Focus Projects


Photovoltaics applied to geothermal heat pump: a Finnish study to reduce DHW heating costs

A research group from Finland’s LUT University has studied 4 different control methods for DHW heating
Photovoltaic systems are spreading rapidly throughout the world, with total installed capacity amounting to over 627 GWp. However, despite the expansion of these systems, practical difficulties to the use of solar power still exist due to the intermittent nature of the power. This results from the incongruity between the diurnal variations of the demand and supply of electricity.

A group of researchers from the Lappeenranta University of Technology (LUT) in Finland applied a PV system to a geothermal heat pump and studied a series of control methods to assess its domestic hot water (DHW) heating capacity.

Solar capacity in Finland has grown rapidly since 2015, with a few differences across regions because of greater variations in daylight hours in the northern latitudes, which is why solar systems have spread in the country’s southernmost areas.

Heat pumps have also become popular in Finland over the last few years, especially in new constructions, where they represent the primary domestic heating technology, replacing polluting gas- and petroleum-based systems. For a Finnish family, domestic water heating is, on average, the activity requiring the most amount of energy, accounting for 15% of total energy use. This is the basis for LUT University’s research, whose aim was to demonstrate the potential of PV applied to a geothermal heat pump by developing a control method to reduce the cost of DHW.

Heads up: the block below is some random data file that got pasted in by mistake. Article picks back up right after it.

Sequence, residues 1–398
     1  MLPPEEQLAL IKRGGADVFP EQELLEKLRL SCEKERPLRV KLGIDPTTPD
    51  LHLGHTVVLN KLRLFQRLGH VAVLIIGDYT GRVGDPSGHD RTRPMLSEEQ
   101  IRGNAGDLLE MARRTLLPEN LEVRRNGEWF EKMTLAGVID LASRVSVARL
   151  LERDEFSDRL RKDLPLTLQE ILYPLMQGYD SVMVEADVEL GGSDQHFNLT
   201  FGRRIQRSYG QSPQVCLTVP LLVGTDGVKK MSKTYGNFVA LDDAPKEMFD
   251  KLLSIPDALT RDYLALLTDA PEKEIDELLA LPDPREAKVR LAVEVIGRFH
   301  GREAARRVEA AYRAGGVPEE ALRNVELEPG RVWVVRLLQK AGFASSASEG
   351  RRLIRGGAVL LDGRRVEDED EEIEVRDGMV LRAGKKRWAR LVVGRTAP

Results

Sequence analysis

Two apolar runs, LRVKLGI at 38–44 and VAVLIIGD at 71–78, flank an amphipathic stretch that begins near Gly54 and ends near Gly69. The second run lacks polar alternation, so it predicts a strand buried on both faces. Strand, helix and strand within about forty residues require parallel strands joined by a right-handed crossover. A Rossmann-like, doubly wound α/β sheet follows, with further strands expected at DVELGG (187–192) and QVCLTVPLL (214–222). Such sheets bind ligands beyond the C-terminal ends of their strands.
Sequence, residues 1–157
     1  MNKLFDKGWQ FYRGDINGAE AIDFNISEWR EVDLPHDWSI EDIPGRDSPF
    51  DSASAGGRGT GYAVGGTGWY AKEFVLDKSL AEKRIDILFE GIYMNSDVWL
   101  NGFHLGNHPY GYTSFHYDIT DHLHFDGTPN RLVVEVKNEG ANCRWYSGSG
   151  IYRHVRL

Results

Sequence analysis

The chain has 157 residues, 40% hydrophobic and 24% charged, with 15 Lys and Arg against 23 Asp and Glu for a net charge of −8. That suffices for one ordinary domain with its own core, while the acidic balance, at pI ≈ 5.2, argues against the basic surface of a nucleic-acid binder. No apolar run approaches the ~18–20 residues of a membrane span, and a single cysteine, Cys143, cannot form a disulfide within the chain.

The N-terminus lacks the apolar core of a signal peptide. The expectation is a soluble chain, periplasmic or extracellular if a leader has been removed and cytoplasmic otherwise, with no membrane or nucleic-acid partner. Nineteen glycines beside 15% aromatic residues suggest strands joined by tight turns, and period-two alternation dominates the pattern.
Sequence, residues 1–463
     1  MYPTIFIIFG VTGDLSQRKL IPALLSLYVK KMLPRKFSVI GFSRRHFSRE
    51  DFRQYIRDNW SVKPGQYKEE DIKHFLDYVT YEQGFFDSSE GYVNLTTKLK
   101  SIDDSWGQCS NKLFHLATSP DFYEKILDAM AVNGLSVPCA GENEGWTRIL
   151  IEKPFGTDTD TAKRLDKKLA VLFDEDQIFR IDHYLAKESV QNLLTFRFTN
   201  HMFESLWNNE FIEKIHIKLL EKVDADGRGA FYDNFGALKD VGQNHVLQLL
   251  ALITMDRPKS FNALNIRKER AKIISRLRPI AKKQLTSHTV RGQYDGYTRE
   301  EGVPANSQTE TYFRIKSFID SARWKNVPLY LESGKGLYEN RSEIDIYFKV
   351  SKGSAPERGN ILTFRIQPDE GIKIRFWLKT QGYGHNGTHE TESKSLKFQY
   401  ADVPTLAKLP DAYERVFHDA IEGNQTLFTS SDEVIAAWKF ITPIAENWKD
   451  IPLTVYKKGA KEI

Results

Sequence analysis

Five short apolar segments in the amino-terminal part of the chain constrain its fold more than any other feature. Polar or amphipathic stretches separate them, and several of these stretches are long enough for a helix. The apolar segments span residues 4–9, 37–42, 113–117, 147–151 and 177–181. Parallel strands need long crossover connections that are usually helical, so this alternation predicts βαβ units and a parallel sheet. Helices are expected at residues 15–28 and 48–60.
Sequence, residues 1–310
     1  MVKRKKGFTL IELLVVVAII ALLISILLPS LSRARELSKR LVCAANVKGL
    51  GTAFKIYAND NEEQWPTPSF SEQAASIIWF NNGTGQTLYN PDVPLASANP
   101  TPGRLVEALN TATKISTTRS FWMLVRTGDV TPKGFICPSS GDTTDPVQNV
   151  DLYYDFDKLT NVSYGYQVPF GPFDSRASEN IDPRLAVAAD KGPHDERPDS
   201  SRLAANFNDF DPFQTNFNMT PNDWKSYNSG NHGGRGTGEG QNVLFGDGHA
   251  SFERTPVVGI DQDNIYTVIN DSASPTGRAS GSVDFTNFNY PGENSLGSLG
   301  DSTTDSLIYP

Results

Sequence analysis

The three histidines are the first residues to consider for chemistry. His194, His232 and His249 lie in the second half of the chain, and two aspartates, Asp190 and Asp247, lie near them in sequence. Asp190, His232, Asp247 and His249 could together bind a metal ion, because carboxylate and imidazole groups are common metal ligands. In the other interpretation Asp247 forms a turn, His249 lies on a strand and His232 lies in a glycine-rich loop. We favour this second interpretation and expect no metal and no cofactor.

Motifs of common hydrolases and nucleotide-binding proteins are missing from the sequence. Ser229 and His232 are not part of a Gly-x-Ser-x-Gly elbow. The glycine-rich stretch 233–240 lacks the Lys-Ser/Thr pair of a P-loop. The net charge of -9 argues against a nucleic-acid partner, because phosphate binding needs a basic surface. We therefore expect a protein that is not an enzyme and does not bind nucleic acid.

The article published in the magazine Science outlines the working context and the 4 different control methods taken into consideration for a building equipped with geothermal heat pump (also known as ground source heat pump or “GSHP”) and rooftop PV system with hot water tank storage.

The main control method developed in this study aims at minimising domestic water heating costs by pairing the electricity market data of Nord Pool (a European power exchange) with a PV generation forecast model.

Energy consumption of DHW was calculated based on a typical 4-member family household with a DHW consumption of 200 litres per day and assuming that the inlet cold water temperature was 10°C and the outlet hot water temperature was 60°C (in Finland the hot water temperature must be at least 55°C and not exceed 65°C in the pipes by law).
On the basis of this data, the DHW demand of the home used in the simulation was calculated to be 11.64 kWh per day, including a 500-litre capacity DHW boiler. In the analysis, the electricity generated by the PV system was used to meet baseload demand requirements before being made available for domestic water heating, while space heating was not within the scope of the study.

Supported by the Nessling Foundation and the Strategic Research Council of the Academy of Finland, the work demonstrates, through the results obtained between June and September 2020, that the optimum cost control method developed by the researchers reduces DHW costs effectively, in comparison to the other three control cases analysed.